If the Linux distribution supports version 4 TimeSync protocol with an enabled TimeSync integration on the guest, then synchronization will take place against the host time. Enabling both methods will lead to inconsistency.

Administrators are advised to synchronize against the host time by disabling the NTP time synchronization by using any of the following methods:

  • Disabling NTP servers in the ntp.conf file
  • Disabling the NTP Daemon

In this particular configuration, the Time Server Parameter is usually the host, and it should poll at a frequency of 5 seconds, which is the same as the Clock Update Frequency.

Exclusive synchronization over NTP demands that you disable the TimeSync integration service in the guest machine.

NOTE: Linux accurate timing support must have a feature supported in the latest upstream Linux Kernels. As at now, it is not available across most Linux distros.

Specify Local Reliable Time Service Using the GTIMESERV

The GTIMESERV allows you to specify one or more domain controllers as the accurate source clocks.

For example, you can use a specific domain controller with a GPS hardware and flag it as GTIMESERV to make sure that your domain references to a clock based on a GPS hardware.

TIMESERV is a Domain Services Flag that indicates whether the machine is authoritative and can be changed if the DC loses connection.

When the connection is lost, the DC returns the “Unknown Stratum” error when you query via the NTP. After several attempts, the DC will log System Event Time Service Event 36.

When configuring a DC as your GTIMESERV, use the following command:

w32tm /config /manualpeerlist:”master_clock1,0x8 master_clock2,0x8” /syncfromflags:manual /reliable:yes /update

If the DC has a GPS hardware, use the following steps to disable the NTP client and enable the NTP server:

reg add HKEY_LOCAL_MACHINE\SYSTEM\CurrentControlSet\Services\w32time\TimeProviders\NtpClient /v Enabled /t REG_DWORD /d 0 /f

reg add HKEY_LOCAL_MACHINE\SYSTEM\CurrentControlSet\Services\w32time\TimeProviders\NtpServer /v Enabled /t REG_DWORD /d 1 /f

Then, restart Windows Time Service

net stop w32time && net start w32time

Finally, tell network hosts that this machine has a reliable time source using this command:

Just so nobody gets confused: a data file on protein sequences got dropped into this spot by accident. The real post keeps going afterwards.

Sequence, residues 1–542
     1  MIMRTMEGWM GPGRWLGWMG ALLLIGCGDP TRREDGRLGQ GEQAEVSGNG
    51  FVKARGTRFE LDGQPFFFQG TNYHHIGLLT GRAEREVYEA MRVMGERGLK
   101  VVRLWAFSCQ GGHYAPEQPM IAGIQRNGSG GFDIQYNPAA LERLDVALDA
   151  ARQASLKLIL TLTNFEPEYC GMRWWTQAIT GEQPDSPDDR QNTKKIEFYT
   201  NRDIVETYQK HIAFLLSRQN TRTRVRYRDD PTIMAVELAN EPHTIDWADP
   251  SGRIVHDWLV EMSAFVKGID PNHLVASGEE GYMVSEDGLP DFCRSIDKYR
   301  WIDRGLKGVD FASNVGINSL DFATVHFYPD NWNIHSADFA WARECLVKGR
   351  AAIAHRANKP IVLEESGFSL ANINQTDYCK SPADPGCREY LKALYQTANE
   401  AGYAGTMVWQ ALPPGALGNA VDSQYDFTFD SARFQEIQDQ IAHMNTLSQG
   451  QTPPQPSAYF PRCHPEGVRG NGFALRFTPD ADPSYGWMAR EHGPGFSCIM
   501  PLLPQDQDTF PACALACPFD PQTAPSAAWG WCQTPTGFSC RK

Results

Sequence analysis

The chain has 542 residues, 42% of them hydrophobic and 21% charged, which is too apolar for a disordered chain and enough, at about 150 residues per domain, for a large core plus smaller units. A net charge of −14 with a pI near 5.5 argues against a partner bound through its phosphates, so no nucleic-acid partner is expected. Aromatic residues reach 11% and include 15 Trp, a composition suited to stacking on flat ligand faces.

w32tm /config /reliable:yes /update

Confirm the changes, run the following commands, which indicate the results as shown:

w32tm /query /configuration

Value

Expected Setting

AnnounceFlags

5 (Local)

NtpServer

(Local)

DIIName

C:\WINDOWS\SYSTEM32\w32time.DLL (Local)

Enabled

1 (Local)

NtpClient

(Local)

w32tm /query /status /verbose

Value

Expected Setting

Stratum

1 (primary reference – syncd by radio clock)

ReferenceId

0x4C4F434C (source name: “LOCAL”)

Source

Local CMOS Clock

Phrase Offset

0.0000000s

Server Role

576 (Reliable Time Service)

Windows Server 2016 on 3rd party Virtual Platforms

The virtualization of Windows means that the time responsibility defaults to the Hypervisor.

However, new members of the domain need to be synchronized with the Domain Controller for the AD to work effectively. The best that you can do is to disable time virtualization between guests and 3rd party virtual platforms.

Discover the Hierarchy

The chain of time hierarchy to the master clock is dynamic and non-negotiated. You must query the status of a specific machine to get its time source. This analysis helps in troubleshooting issues relating to synchronizations.

If you are ready to troubleshoot, find the time source by using the w32tm command:

w32tm /query /status

The output will be the source. Finding the source is the initial step in time hierarchy.

The next thing to do is to use the source entry and /Stripchart parameter to find the next time source.

w32tm /stripchart /computer:MySourceEntry /packetinfo /samples:1

The command below gives a list of domain controllers found in a specific domain and relays the results that you can use to determine each partner. The command also includes machines with manual configurations.

w32tm /monitor /domain:my_domain

You can use the list to trace the results through the domain and know their hierarchy and time offset at each step.

If you mark the point where time offset increases, you can get to know the cause of incorrect time.

Using Group Policy

Group policy is used to accomplish strict accuracy by making sure clients are assigned specific NTP servers. Clients can control how down-level OS should work when virtualized.

Look at the following list of all possible scenarios and relevant Group Policy settings:

  • Virtualized Domains

To gain control over the Virtualized Domain Controllers in Windows 2012 R2, disable the registry entry corresponding to the virtual domain controllers.

You may not want to disable the PDC entry because in most cases, Hyper-V host delivers a stable time source. The entry to the registry requires that you restart the w32time service after making changes.

[HKEY_LOCAL_MACHINE\SYSTEM\CurrentControlSet\Services\W32Time\TimeProviders\VMICTimeProvider]

“Enabled”=dword:00000000

  • Accuracy Sensitive Loads

For any workload that is sensitive to time accuracy, ensure that the group machines are set to use the NTP servers and any related time settings like update frequency and polling.

This is a task handled by a domain, but if you want to have more control, target specific machines to point to the master clock

Group Policy Setting

New Value

NtpServer

ClockMasterName,0x8

MinPollInterval

6-64 seconds

MaxPollInterval

6 seconds

UpdateInterval

100 to once per second

EventLogFlags

3 – All special time logging

NOTE: The NtpServer and EventLogFlags are located on the System\Windows Time Service\Time Providers, if you follow the Configure Windows NTP Client Settings. The other three are under the System\Windows Time Service, if you follow the Global Configuration Settings

Remote Accuracy Sensitive Loads Remote

For systems running on the branch domains, such as the Retail and Payment Credit Industry (PCI), Windows will use the current site data and DC Locator to search the local DC, unless you have a manual NTP time source configured.